Since I couldn’t meet Scott, it was best for me to go to Polder 32 to check on the GPS there. However, not knowing the situation, we had sailed up the wrong channel. We wouldn’t get to the Polder 32 site until the afternoon. Polder is a Dutch term for an embankment. They have been built around much of the land in coastal Bangladesh to protect it from flooding from the brackish water and
improve farming. An unexpected side effect is that the protected land inside the polder, with no flooding or sediments, has sunk by over a meter. It is lower than the land outside the wall and lower than high tide. When Cyclone Aila hit the area in 2009, it breached the polder and the island was flooded for almost two years. We are studying both the physical environment and the human impact. My part is measuring the subsidence with GPS. The receiver here has a modem so the data can be collected by phone, but it hasn’t worked since Jan. 1. We went to the school that houses it, and I managed to correct the problem.
Now it was time to join Scott. I left the boat for a bumpy 2.5-hour drive to Khulna and the hotel. We had allotted two days for servicing and installing GPS in Khulna, but we also wanted to visit a 400-year-old temple in the Sundarbans. It is being looked at to measure subsidence since it was built. We could only visit the temple if we could do the GPS work in one day. We started a 7 a.m., picking up Hafizur and heading to his family’s house, where the compaction meter is. We hoped to finish it quickly, but there were problems with the GPS. The solar panel controller was bad and had to be replaced. Then I found the settings of the GPS were bad; I couldn’t communicate with it. After a struggle, I managed. The system went bad last June and had recorded no data since then. Scott collected data from the compaction meter and surveyed the monuments, while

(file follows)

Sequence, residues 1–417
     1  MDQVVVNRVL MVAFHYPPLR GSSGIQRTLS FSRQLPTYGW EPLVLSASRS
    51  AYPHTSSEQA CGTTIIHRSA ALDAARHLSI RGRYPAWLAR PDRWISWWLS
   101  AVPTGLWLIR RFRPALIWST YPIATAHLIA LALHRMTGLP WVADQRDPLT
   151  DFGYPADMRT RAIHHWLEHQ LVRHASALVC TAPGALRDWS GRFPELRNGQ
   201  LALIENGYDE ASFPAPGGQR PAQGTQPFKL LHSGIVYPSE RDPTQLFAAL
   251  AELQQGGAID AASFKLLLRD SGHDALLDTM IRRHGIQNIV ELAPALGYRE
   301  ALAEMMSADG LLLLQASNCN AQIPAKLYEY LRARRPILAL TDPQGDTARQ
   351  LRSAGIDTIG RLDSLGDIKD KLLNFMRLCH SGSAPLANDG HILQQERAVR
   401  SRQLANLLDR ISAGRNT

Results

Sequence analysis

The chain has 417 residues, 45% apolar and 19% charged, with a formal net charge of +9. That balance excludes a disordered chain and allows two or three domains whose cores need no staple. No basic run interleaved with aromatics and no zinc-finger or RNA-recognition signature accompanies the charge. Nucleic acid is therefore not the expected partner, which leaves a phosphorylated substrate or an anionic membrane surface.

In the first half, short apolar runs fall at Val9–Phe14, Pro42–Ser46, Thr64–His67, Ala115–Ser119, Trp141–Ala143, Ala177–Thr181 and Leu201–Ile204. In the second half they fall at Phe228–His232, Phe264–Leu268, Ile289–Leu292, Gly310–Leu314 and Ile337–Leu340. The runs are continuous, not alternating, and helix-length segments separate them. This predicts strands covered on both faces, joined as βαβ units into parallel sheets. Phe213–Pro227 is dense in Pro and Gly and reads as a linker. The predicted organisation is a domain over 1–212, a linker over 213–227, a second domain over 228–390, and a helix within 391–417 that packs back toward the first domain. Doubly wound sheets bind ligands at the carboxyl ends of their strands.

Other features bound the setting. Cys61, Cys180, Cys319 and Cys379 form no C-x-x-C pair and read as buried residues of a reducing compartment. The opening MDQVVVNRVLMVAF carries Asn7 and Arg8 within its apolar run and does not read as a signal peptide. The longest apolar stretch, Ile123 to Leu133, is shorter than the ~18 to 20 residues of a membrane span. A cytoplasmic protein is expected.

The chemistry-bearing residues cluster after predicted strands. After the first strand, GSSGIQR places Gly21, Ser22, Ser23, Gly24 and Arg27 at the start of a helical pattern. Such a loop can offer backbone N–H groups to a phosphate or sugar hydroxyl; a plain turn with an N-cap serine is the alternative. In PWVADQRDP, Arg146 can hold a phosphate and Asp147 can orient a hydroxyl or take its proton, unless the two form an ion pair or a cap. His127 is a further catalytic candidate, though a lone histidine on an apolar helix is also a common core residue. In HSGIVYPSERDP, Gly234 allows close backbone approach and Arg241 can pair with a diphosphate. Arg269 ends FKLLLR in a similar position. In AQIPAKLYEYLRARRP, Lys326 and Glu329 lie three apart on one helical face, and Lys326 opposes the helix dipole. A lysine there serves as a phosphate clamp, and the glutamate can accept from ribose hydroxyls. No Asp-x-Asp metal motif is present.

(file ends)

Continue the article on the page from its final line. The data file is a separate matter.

I got the GPS going again. When it was time to leave, we found that the Islamic family had prepared a huge lunch for us, and we had to stay and eat: sweet rice appetizer, two kinds of fish, chicken, vegetable, rice and a rice pastry in palm juice for dessert.
When we left to go to Khulna University (KU), our chance for the temple looked bleak. We met Professor Rakib Uddin, who did not get our sense of urgency. The GPS at KU hadn’t been working for years. Set up in the Urban Planning Department, the 20-year-old receiver needed constant care to keep going. We had installed these obsolete instruments when we first started working in Bangladesh and had almost no funding. We would be reestablishing the site, replacing everything.